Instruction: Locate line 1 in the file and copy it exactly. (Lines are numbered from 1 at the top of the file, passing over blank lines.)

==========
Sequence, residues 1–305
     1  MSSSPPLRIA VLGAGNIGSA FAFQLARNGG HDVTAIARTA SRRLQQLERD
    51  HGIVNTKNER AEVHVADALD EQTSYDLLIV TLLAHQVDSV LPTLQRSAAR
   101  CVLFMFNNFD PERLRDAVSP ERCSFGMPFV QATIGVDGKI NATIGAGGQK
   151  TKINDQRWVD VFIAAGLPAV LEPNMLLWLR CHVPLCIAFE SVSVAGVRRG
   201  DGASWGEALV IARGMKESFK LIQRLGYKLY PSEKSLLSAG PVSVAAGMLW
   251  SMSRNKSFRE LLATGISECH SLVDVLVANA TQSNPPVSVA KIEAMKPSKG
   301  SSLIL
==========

Sequence, residues 1–305